How will search evolve in the future?
With the recent release of Microsoft’s new search engine Bing and the launch of the computational search engine Wolfram Alpha, it’s clear that plenty of players are still eager to challenge Google’s dominance of search.
Search is an enormous part of web use and it is clear that Google holds a dominant position in search. In fact, we have reached a point in time now where search innovation may actually be hindered by our familiarity with Google’s page layout and style of results.
Recently the Catalyst NYC usability research firm (http://www.catalystnyc.com/cofactors/2009/06/google-vs-bing-search-engine-preference/) conducted a study comparing Google with Bing. One of the most interesting results that the study revealed is that while the users involved in the study preferred Bing’s design, most stated that they would continue to use Google as their primary search engine.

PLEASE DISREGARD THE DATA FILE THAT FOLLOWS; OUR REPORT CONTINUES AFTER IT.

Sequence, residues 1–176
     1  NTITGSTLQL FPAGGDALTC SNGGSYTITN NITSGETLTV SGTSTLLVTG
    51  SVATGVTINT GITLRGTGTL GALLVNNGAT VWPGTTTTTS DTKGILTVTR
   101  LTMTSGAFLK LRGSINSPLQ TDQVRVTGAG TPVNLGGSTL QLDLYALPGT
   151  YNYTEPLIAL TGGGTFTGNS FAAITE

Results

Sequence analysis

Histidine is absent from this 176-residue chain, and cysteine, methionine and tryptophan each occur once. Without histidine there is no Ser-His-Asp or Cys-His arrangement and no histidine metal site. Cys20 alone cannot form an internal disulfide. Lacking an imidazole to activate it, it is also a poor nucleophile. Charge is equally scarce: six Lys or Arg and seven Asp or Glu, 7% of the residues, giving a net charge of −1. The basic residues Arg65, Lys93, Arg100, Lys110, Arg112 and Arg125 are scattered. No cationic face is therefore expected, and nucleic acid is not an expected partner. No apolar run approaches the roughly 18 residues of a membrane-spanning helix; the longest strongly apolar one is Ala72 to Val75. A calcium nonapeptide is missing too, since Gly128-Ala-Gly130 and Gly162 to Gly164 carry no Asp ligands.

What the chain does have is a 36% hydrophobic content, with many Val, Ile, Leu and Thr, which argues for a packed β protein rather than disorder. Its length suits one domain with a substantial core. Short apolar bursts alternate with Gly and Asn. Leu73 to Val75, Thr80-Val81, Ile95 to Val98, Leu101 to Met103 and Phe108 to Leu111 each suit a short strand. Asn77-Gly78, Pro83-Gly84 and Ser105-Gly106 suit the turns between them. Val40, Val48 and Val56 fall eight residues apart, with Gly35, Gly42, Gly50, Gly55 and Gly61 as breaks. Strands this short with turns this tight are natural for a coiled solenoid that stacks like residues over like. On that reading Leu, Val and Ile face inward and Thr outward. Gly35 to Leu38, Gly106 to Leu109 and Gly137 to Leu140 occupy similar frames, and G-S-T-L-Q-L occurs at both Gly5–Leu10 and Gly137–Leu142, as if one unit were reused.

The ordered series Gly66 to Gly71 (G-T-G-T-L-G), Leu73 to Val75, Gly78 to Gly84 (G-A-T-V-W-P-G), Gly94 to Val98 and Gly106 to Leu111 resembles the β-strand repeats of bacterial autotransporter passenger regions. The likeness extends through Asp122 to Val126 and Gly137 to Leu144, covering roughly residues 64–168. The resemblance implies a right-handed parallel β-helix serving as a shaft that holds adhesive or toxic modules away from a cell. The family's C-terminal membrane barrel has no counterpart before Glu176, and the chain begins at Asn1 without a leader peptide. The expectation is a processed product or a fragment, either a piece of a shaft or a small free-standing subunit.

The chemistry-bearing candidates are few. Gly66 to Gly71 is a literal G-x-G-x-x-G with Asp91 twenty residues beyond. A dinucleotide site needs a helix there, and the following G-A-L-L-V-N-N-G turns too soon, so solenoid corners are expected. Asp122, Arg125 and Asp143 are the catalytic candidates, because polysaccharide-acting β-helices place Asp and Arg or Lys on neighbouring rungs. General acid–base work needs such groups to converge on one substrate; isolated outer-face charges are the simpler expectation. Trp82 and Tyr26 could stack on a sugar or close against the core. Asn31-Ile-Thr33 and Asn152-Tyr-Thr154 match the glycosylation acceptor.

This level of brand loyalty and trust in Google’s results raises some very interesting questions for the future of search. With this level of dominance, Google certainly must feel very real pressure to live up to the expectations of web users by continuing to improve on the quality of search results and also through valid innovation in the search experience.
Will there be room for a one stop search location that allows for multiple search styles (such as keyword and computational searching) in the future? What about running two different search styles simultaneously and displaying the results together? Will Google be able to maintain its dominance in search by trying to cover every new trend or will search inevitably fragment into areas of particular specialisation?
It will be interesting to see if website owners and developers will soon be confronted with the need for very complex SEO strategies that address not only different search engines, but also different kinds of search logic targeted towards specific types of enquiries.